Feasibility and Acceptability of a Group Music Intervention in Memory Care Communities
Journal of Applied Gerontology
Music-based interventions have been shown to reduce behavioral expressions among persons with dementia. The goal of this study was to examine the feasibility and acceptability of a group music intervention to reduce agitation. Two memory care communities were recruited to participate in this single-arm mixed-methods study. The group music intervention program included a total of 12 sessions delivered over 4 weeks. Agitation was assessed quantitatively at weeks 0, 2, and 4. Qualitative interviews of memory care staff were conducted post-intervention. Data were analyzed using linear mixed-effects models and qualitative content analysis. The study sample (N = 19) had a mean age of 82.74, and 73.7% were female. The great majority of participants completed the intervention and 63.2% experienced a reduction in agitation, suggesting that the intervention is feasible and acceptable in memory care and may be efficacious. Future research should evaluate the efficacy of the intervention in a randomized controlled trial.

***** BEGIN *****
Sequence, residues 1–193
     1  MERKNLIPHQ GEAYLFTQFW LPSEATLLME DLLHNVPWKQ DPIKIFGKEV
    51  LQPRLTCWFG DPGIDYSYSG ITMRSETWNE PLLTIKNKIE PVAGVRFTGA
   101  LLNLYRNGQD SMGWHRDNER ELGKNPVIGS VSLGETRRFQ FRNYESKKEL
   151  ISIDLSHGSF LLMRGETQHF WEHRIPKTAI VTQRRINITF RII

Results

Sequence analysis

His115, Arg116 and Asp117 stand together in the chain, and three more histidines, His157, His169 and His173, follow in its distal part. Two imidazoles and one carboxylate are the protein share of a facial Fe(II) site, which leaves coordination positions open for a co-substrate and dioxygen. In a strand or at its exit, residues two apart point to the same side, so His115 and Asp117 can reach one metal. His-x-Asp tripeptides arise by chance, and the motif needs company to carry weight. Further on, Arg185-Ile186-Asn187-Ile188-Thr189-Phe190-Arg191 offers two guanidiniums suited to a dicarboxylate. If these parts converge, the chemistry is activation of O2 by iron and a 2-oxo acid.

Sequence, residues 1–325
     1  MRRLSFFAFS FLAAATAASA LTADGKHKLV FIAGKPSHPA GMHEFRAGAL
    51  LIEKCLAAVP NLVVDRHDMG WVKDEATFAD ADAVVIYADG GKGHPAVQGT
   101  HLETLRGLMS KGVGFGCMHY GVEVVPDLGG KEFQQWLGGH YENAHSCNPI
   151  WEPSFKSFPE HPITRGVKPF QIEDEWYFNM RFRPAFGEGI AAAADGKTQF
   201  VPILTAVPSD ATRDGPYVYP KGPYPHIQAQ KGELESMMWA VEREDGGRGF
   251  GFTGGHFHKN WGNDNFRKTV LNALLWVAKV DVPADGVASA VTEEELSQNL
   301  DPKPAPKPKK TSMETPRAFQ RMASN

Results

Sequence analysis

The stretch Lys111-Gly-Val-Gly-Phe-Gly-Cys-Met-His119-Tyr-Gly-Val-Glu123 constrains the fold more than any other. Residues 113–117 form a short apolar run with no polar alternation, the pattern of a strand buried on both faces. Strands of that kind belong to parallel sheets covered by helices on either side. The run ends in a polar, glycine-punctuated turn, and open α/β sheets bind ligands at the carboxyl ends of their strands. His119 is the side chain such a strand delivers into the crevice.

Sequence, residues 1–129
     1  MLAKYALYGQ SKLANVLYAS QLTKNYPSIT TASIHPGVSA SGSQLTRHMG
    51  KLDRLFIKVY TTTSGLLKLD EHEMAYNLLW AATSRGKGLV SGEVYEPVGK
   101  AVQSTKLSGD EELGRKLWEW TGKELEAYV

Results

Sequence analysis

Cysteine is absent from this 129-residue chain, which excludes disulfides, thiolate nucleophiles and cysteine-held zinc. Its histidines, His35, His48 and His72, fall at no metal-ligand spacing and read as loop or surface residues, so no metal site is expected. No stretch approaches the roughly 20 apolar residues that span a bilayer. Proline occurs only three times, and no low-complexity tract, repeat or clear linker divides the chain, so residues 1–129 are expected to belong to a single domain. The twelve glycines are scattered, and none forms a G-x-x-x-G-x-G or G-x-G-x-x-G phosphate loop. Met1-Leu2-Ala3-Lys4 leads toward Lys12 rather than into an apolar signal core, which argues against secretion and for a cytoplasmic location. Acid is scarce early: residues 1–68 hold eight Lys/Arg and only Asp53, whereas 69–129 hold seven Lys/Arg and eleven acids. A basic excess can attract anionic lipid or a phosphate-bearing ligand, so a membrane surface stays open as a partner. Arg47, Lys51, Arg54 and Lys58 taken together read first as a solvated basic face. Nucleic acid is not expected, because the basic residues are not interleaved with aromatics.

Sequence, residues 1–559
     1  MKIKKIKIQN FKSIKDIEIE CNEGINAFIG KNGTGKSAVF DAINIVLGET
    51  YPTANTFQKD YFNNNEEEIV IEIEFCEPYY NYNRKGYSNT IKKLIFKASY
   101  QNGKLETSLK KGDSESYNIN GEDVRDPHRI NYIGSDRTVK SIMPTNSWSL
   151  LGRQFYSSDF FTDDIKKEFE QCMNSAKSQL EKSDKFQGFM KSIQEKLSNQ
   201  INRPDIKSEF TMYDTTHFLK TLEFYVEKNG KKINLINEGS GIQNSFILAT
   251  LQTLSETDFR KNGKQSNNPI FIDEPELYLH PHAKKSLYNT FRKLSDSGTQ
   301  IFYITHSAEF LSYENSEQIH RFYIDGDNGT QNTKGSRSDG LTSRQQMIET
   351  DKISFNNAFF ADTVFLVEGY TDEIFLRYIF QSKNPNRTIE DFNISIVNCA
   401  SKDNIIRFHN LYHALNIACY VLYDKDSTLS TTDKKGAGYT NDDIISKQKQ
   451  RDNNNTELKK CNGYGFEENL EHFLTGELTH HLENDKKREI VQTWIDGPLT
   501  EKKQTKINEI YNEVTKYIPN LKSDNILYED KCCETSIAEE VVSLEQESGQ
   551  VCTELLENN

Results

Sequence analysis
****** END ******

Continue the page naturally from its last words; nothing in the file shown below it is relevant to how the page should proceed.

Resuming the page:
Music and Health Institute Terms
Agitation; Alzheimer's and Related Dementias; Elderly; Interviews; Long-Term Care Facility; Music Listening; Symptom Management; Neurodegenerative Disorders
Behavior Therapy; Dementia; Feasibility Studies; activities; agitation; dementia; group intervention; music listening
Veal, B. M.; Dobbs, D.; Lee, S.; Bugos, J. A.; Pyfrom, M. P.; Boddupalli, S.; Lengacher, C. A.; and Meng, H., "Feasibility and Acceptability of a Group Music Intervention in Memory Care Communities" (2022). Research on Music and Dementia. 84.